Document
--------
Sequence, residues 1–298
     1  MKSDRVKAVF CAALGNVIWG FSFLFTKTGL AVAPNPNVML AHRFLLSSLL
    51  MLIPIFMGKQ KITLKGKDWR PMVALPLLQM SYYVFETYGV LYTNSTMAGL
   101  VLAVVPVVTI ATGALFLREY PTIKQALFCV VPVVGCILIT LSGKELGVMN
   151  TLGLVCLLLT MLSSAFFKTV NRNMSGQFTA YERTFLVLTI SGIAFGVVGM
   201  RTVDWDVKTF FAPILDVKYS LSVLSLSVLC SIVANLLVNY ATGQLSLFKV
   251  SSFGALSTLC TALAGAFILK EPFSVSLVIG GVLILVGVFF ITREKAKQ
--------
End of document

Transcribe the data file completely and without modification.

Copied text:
Sequence, residues 1–298
     1  MKSDRVKAVF CAALGNVIWG FSFLFTKTGL AVAPNPNVML AHRFLLSSLL
    51  MLIPIFMGKQ KITLKGKDWR PMVALPLLQM SYYVFETYGV LYTNSTMAGL
   101  VLAVVPVVTI ATGALFLREY PTIKQALFCV VPVVGCILIT LSGKELGVMN
   151  TLGLVCLLLT MLSSAFFKTV NRNMSGQFTA YERTFLVLTI SGIAFGVVGM
   201  RTVDWDVKTF FAPILDVKYS LSVLSLSVLC SIVANLLVNY ATGQLSLFKV
   251  SSFGALSTLC TALAGAFILK EPFSVSLVIG GVLILVGVFF ITREKAKQ